Ugo Rondinone, Miami Mountain (2016), Public Sector
Most art-fair projects are by definition fleeting—after months of preparation, they are installed and uninstalled within a week. But Rondinone’s extremely Instagrammable, kaleidoscopic totem of boulders, which started out as part of the fair’s public art presentation in Collins Park, had staying power. A nod to a new installation in Las Vegas, Miami Mountain became permanent, finding its way into countless stock photos and promotional shoots as the quintessential image of Miami’s candy-colored, good-time art offerings.
Zoe Buckman, She Dwells with Beauty (2016), Gavlak
The Women’s March and #MeToo movement defined 2017, trickling into Miami Beach in the form of pink pussy hats and dealers suddenly touting their support of women artists. At the fair, The Box presented Judith Bernstein’s “Anthurium” paintings, reflecting an overdue interest in 1970s feminists previously maligned for their “blood and guts” imagery. On the other end of the spectrum, Buckman’s assemblages of boxing gloves reupholstered in vintage wedding dresses were instant viral sensations, offering social media uncomplicated symbols of girl power.
Amoako Boafo’s solo booth with Mariane Ibrahim
The Rubells, beloved Miami collectors and perennial market bellwethers, chose Boafo for their annual residency and corresponding solo exhibition in 2019, igniting a buying frenzy at Ibrahim’s booth at the fair; her solo presentation of the artist’s finger-painted portraits sold out in minutes. Three months later, Boafo would make headlines when his painting The Lemon Bathing Suit sold for $880,971 at Phillips—putting him at the center of a hurricane of opportunism and predatory flipping.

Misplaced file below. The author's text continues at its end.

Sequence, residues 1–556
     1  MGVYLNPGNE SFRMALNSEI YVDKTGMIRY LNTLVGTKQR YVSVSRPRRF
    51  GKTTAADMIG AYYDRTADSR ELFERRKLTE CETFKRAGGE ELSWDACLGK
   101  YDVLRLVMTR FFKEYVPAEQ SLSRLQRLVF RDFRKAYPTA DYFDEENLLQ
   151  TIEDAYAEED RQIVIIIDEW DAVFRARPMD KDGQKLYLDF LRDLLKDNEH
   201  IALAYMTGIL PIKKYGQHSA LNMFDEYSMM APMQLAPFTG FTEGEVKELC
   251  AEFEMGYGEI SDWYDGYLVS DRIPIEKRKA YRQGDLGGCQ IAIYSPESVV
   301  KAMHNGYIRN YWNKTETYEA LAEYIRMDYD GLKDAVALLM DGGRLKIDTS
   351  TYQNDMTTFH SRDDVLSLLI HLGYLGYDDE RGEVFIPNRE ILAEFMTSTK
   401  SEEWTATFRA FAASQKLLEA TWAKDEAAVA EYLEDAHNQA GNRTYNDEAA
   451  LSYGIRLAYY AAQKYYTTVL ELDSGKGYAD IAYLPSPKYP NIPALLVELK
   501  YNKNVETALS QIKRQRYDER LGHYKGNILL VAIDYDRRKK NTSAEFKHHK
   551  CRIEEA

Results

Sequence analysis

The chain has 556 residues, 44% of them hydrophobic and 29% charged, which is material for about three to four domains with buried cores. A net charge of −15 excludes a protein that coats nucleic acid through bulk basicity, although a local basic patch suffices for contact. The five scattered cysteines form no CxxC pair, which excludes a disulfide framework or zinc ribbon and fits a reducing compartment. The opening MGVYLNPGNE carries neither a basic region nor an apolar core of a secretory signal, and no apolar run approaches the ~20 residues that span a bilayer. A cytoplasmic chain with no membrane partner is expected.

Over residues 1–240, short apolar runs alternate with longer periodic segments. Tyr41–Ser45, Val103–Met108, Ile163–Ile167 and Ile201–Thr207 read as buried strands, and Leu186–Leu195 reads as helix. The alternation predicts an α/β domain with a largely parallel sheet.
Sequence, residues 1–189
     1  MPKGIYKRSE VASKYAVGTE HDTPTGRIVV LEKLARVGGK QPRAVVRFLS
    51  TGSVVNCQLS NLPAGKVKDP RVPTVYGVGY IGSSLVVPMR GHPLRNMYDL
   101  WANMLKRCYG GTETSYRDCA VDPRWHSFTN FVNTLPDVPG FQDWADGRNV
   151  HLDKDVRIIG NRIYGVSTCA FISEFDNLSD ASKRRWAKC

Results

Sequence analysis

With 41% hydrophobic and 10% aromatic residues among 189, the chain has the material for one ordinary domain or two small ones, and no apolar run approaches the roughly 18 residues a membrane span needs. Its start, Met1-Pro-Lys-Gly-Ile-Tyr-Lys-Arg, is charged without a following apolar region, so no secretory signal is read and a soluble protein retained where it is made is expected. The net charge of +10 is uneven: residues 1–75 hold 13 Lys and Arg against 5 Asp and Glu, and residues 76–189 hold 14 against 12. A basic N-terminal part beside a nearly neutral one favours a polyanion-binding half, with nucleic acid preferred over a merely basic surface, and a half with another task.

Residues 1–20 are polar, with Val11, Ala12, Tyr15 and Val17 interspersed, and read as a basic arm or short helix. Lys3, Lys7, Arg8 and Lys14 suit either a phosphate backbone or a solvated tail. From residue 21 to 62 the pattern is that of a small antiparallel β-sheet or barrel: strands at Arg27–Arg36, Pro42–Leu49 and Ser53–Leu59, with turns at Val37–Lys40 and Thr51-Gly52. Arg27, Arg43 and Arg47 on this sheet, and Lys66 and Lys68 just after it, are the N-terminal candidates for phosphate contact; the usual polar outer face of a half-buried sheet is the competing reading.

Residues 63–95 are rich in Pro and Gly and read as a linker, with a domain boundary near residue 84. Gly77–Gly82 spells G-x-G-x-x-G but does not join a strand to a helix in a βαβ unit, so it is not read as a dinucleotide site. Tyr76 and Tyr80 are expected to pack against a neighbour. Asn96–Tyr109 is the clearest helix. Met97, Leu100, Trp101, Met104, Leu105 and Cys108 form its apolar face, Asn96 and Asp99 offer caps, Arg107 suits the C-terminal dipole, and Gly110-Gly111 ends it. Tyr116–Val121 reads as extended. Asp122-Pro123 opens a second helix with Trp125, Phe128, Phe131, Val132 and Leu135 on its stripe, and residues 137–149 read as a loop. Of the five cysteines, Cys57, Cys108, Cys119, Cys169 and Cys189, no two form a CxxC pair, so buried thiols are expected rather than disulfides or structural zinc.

Maurizio Cattelan, Comedian (2019), Perrotin
This work hardly needs any introduction—it stands as one of the most dramatic crossovers between the art world and the real world in history. Just a year after Gavin Brown lamented the death of “cocky poetry” at art fairs, Cattelan duct-taped a banana to a wall. The edition of three sold twice for $120,000, then once more for $150,000. Immediately, “the banana” dominated headlines, effectively breaking the Internet. For many, it symbolized the baffling excesses of the rich, inspiring both protest and endless parody. But for many of us, it was a delightful inside joke: Comedian mocked the absurdity of our industry by profiting handsomely from it. In terms of cultural impact, virality, and sheer brilliance, the piece remains unmatched.